If you have been defined by any physical trait, then you know how I feel. Perhaps, you're the girl with the big nose, or the guy with a lot of freckles. It is a compliment, sure, but it's hard not to worry that no one will see more than just those things. Upon realizing how much I was judged, I recognized how much I judge. I notice the clashing patterns on people's pants, the wrinkles by their eyes, the frizziness of their hair before ever listening to the substance coming out of their mouths.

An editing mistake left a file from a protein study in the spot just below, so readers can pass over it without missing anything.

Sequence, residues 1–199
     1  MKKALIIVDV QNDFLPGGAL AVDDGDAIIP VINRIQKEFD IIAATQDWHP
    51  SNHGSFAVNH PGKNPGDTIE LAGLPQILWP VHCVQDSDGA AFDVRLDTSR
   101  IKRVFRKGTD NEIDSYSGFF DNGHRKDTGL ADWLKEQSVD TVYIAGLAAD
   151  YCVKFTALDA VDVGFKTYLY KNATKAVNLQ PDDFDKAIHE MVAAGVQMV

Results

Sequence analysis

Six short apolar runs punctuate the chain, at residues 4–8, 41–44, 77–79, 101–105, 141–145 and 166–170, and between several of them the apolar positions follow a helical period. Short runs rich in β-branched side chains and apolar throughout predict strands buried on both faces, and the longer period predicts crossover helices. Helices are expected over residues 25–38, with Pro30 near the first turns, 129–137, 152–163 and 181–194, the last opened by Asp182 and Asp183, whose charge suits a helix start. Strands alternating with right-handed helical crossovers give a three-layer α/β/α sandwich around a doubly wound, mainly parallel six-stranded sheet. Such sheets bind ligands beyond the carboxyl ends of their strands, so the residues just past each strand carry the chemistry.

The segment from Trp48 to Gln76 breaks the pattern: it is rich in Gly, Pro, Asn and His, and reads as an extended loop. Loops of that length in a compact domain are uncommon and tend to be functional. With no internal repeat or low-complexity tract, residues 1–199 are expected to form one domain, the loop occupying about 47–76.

So, maybe we could all make an effort to stop making quick judgements based on others' appearances. No one should be defined by their complexion, tone of voice, hair texture, skin pigment, clothing brands, freakin' winged-ness of their eyeliner, or any other negligible trait... like their damn bra size. Let's define each other by our fascinations, relationships, senses of humor, or even our freakin' favorite foods. No one is one thing; we are all amalgamations of several vital virtues - we're just savory cakes, embellished with sprinkles and frosting, but containing a plethora of different ingredients that give them their true flavors... I mean, doesn't all frosting taste the same anyway? (Leave it to me to use a food metaphor)